Grenfell-style cladding design fails official fire test

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Firefighter at scene of GrenfellImage source, Getty Images

An official test of the types of materials used at Grenfell Tower suggest that designs like that used in the tower's cladding are fundamentally flawed, Newsnight can reveal.

A so-called "fire test" is intended to establish whether a design would withstand fire if installed perfectly.

The Grenfell cladding has been blamed for the fire's rapid spread.

The local government department stated they aimed to "publish results as soon as possible".

This test is the first full-scale test of the combination of insulation and cladding of the types used at Grenfell. The test involves setting a fire underneath a large-scale mock-up of the insulation system in a fire laboratory.

Previous tests have only sought to establish what types of materials have been installed on high-rises across England. This test is the first in a series that is intended to work out which combinations of materials can safely be installed together and which cannot.

Media caption,

Chris Cook: "The test was an absolute failure"

The test result makes it more likely that the choice of materials in use at Grenfell Tower, rather than poor installation of the cladding, was to blame for the fire's spread across the face of the building. People familiar with the results stated that it also supports the conclusion that the cladding was the critical component that spread the fire.

This test, conducted by the Building Research Establishment near Watford, will be followed by five others, each of which will use a different combination of insulation and exterior aluminium panelling. This first test used a so-called PIR plastic foam, a type of combustible insulation, and aluminium panels with a combustible polyethylene plastic core.

This is the most flammable of the six combinations of insulation and exterior cladding that will be tested. While other buildings with this combination have been identified, this specific combination of PIR foam and polyethylene-core cladding is not currently believed to be in widespread use.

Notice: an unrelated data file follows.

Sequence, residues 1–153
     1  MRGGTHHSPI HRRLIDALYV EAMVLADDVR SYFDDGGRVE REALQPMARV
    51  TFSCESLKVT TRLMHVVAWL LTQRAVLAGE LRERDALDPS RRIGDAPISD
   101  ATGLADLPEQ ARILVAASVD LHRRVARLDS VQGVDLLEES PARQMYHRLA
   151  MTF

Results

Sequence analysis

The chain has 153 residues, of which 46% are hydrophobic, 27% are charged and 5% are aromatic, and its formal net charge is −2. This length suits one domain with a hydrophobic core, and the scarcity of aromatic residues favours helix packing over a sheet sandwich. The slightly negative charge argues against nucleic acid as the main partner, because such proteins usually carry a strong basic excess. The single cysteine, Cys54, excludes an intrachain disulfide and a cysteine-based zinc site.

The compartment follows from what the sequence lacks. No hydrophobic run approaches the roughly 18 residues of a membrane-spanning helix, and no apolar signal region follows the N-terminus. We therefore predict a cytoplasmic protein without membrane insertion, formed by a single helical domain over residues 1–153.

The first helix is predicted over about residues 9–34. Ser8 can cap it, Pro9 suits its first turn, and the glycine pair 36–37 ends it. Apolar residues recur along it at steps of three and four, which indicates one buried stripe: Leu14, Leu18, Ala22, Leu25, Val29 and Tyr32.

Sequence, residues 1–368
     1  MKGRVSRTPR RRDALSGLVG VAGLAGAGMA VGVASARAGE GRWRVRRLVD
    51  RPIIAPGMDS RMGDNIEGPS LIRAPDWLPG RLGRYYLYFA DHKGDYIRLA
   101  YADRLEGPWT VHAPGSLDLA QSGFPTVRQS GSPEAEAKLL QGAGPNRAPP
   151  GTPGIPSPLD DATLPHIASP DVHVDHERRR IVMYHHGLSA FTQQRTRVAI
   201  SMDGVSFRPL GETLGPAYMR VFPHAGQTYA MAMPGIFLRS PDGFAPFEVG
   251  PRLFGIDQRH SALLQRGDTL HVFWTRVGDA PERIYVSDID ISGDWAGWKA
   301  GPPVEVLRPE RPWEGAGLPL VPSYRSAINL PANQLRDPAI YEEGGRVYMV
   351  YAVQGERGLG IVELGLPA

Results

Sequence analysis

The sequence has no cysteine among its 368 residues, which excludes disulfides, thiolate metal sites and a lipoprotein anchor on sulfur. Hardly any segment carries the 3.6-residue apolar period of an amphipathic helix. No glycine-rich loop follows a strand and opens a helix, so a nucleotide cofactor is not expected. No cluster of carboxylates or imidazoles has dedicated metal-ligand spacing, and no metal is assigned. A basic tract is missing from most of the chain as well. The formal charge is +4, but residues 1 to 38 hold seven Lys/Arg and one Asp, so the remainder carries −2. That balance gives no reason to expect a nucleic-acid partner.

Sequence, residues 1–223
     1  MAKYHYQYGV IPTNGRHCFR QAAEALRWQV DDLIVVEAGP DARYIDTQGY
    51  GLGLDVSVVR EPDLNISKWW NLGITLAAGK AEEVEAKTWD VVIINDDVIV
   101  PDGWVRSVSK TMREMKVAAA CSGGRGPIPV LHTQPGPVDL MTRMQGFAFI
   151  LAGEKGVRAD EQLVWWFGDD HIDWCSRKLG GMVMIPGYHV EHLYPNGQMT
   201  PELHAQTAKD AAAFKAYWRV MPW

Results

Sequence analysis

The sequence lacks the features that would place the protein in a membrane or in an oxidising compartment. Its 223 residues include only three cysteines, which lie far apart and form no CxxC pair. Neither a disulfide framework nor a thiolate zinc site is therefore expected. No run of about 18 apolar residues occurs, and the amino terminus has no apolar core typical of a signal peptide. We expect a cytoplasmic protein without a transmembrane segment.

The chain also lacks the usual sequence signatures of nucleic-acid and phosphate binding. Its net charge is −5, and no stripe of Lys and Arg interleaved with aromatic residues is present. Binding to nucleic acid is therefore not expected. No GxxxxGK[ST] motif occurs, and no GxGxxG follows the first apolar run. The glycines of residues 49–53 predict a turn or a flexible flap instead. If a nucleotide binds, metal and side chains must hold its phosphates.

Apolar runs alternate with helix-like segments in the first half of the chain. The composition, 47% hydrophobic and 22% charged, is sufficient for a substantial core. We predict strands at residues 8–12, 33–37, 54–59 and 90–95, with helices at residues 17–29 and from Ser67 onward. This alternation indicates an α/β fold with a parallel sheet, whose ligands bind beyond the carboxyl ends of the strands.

Most buildings that have been found to have suspect cladding will not be installed with this combination of materials.

A spokesman for the Department for Communities and Local Government said: "We've already issued practical advice so that landlords can make properties safe for residents, and our priority now is informing landlords of the latest results so that they can take any further actions that are necessary."

Image caption,
The test rig at the BRE before the alumnium cladding was installed, showing the interior design of the cladding. The silver foil covers the insulation. The vertical yellow stripes are firebreaks intended to stop the fire moving horizontally. The black stripes are firebreaks designed to stop vertical fire spread

This test result, however, raises major questions about why this combination of materials was actually signed off by building control officers.

The fire test conducted by the BRE is a standard test which is designed to establish whether a specific combination of materials, installed in a specified fashion, will be safe during a fire.

If developers wish to use combustible material on the exterior of tall buildings, it is supposed to be on the basis of data from such a test.

Newsnight has, however, previously revealed how developers have installed combustible elements on tall buildings without having tested the components.

They can commission engineers to write reports arguing that the material is functionally similar to material that has already been tested.

Or, in one case, Newsnight found building inspectors willing to sign off material of the same combustibility as at Grenfell without even that level of evidence.

The publication of this test makes it impossible for this design and combination of materials to be used in future without it passing a further test.

Image caption,
Fire test rig used at the BRE, with reporter for scale

Newsnight has also previously revealed concerns about the adequacy of the testing regime - not least because test data is usually confidential and therefore difficult for fire safety officials to scrutinise.

The test is also conducted on a test bed which has been installed slowly by cladding engineers over several days.

In reality, material may be installed hastily, and may be damaged in installation or use in ways that reduce their fire safety.

Newsnight has also revealed that the government has begun work on a review of building standards.

The decision reflects official alarm at the state of building safety in the wake of last month's Grenfell Tower fire, in which at least 80 people died.

As results of checks on tall buildings have come in, civil servants have expressed shock at how the official rulebooks have been interpreted.

They remain unclear whether the problem is the rules or their enforcement.